There are many views on US-China relations, changing with time for sure. This article is presenting a view on the relationship from multiple angles from US-China direct confrontations to tissues related to third party or geographic regions in the world, such as EU, M.E., Russia, Africa, South America (and US neighbors), FVEY (Australia), South China Sea and Taiwan, and – how the world sees the US-China relation.
(5) Africa’s View of the U.S. - China Relation
China as a developing nation making rapid progress is somewhat sympathetic to African nations in their economic development. The colonial masters made very little investment during their occupation of Africa. The West developed nations including Japan from Asia held a profit-first attitude in their loans and investment; they treated Africa just as a consumer market. Whereas China was willing to wait for her investment returns in longer terms, such as developing farm-land or transportation infrastructure, patiently waiting for progress of development to occur and more flexible bartering deals to happen. This gave China many more friends in the UN. The U.S. has obviously felt it in the UN.
(6) South America and U.S. Close Neighbors
The U.S. long held the Monroe doctrine as her backbone of foreign policy regarding South America, Mexico and Canada. The U.S. is both protective and dominant. Even though China’s interest is merely in trade of goods and raw materials for her industrial needs, the U.S. considers China’s entry in S. America as a threat to her leadership, in fact, more likely viewed as challenging her ‘governance attitude’ regarding those regions. The USMCA regional trade agreement specifically requires Mexico and Canada to source supplies from member countries rather than from China. Again, such protectionism makes the U.S. appear hypocritical when she demands other countries to open up and exercise free trade. Canada's arresting of the Huawei CFO bowing to the U.S. request of extradition on an Iran sanction violation has generated lots of international bad press for Canada and the U.S.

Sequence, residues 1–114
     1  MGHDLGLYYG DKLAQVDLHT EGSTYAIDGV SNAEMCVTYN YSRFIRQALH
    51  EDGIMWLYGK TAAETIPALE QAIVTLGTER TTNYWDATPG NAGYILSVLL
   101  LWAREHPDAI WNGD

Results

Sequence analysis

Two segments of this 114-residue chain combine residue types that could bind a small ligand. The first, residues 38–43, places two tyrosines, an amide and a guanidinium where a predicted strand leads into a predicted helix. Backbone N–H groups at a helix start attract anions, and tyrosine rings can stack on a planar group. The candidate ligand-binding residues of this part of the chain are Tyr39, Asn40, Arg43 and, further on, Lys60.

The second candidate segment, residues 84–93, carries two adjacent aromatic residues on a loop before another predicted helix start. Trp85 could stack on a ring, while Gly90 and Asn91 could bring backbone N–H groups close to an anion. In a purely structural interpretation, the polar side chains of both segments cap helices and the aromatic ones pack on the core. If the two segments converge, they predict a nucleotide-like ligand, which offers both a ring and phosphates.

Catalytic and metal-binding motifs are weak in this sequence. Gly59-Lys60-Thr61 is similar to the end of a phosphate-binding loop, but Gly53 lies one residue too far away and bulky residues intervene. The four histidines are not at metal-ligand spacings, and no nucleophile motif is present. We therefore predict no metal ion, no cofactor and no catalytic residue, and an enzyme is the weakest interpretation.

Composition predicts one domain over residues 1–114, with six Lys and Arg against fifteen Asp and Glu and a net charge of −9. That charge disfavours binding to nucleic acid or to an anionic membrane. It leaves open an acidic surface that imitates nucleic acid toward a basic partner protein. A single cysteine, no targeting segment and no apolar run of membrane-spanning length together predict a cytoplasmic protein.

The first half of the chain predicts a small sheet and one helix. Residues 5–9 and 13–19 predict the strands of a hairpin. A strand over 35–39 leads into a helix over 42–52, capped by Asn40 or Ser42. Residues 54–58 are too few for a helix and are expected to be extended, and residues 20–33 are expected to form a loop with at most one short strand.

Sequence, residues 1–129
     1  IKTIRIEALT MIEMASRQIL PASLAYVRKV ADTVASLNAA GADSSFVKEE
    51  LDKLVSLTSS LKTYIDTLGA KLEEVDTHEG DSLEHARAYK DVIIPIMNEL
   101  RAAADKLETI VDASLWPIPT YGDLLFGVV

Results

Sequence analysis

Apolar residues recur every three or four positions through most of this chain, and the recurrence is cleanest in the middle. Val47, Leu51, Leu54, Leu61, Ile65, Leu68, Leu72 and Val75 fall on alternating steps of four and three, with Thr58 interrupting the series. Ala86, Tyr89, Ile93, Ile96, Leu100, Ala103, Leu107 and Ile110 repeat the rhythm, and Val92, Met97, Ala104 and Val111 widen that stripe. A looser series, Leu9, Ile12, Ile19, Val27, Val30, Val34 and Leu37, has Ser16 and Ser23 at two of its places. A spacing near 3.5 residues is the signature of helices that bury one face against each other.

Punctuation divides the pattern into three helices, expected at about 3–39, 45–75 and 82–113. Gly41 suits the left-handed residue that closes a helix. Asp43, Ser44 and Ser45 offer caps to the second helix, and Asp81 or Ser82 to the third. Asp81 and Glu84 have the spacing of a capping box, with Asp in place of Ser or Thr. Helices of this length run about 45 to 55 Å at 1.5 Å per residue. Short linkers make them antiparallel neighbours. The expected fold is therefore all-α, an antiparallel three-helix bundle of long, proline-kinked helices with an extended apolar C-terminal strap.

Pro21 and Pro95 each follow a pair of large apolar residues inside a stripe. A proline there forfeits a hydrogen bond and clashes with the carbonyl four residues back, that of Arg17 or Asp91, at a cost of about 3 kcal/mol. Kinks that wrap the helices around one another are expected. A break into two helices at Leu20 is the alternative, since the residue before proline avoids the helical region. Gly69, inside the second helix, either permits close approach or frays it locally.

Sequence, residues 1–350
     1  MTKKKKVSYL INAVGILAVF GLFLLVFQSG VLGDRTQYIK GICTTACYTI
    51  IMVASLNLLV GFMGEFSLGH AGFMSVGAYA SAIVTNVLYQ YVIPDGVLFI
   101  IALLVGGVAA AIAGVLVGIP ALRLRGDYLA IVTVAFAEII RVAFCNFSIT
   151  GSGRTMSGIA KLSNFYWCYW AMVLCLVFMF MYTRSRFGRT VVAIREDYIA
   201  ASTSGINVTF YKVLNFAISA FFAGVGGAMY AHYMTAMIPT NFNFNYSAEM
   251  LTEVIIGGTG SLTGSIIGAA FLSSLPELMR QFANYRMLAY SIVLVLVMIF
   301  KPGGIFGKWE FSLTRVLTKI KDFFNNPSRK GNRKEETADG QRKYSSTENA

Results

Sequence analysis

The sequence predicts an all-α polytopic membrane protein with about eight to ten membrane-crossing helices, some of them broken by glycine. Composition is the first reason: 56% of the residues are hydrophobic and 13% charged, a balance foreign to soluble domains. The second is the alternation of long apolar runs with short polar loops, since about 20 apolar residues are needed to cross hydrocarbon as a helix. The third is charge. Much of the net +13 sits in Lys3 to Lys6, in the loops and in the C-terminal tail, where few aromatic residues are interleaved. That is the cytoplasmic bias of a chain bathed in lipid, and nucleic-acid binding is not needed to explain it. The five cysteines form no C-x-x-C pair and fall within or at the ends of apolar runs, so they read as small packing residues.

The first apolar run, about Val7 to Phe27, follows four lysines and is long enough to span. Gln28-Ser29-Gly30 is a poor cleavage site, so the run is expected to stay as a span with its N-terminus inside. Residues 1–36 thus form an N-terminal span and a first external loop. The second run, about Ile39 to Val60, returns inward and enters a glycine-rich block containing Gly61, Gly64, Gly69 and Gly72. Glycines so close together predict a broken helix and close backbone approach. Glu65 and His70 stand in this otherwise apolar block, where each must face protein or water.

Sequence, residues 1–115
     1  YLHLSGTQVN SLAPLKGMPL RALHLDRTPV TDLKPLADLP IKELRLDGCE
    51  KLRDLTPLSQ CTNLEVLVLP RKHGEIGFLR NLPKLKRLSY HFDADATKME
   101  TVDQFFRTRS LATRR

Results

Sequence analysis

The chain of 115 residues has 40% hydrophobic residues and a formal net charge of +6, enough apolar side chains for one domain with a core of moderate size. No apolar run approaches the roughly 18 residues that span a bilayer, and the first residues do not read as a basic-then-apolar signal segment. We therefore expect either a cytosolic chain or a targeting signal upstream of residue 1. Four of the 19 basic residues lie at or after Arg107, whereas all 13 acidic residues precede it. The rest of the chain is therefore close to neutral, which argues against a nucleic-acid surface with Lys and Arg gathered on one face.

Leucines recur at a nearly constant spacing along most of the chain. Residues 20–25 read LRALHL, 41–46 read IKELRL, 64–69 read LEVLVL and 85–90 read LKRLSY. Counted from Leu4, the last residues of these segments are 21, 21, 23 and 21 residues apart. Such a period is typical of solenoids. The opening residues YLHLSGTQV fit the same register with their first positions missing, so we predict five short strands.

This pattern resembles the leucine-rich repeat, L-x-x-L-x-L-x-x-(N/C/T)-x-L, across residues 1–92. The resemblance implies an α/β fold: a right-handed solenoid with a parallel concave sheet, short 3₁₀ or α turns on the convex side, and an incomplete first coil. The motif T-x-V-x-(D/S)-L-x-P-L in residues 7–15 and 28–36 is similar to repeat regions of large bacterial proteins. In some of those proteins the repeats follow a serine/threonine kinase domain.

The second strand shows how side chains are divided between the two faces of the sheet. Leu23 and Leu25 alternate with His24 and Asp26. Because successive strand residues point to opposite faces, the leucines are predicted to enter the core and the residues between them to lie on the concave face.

(7) Australia and The Five Eye Alliance
The five eye alliance, U.S., U.K. Canada, New Zealand and Australia (FVEY), is an intelligence alliance, but it gets involved in the U.S. trade war and technology sanctions concerning telecommunication products and services from China. Under the U.S. pressure, FVEY made a concerted effort to sanction Huawei, a Chinese telecommunication corporation. Their trade relations with China, except New Zealand which took a conciliatory position with China, are now on the rock. China took a firm stand and singled out Australia to severe their trade ties. China is the number one trading partner of Australia which exports her 39.4% goods and 17.6% services to China. Combined with COVID-19’s impact, Australia’s economy is badly hurt and may never return to previous level in the future. FVEY has been regarded as a high-profile discriminating organization. The world is hardly receptive to its behavior; and they see that the U.S. is leading the pack.
(8) South China Sea and Indo-Pacific Strategy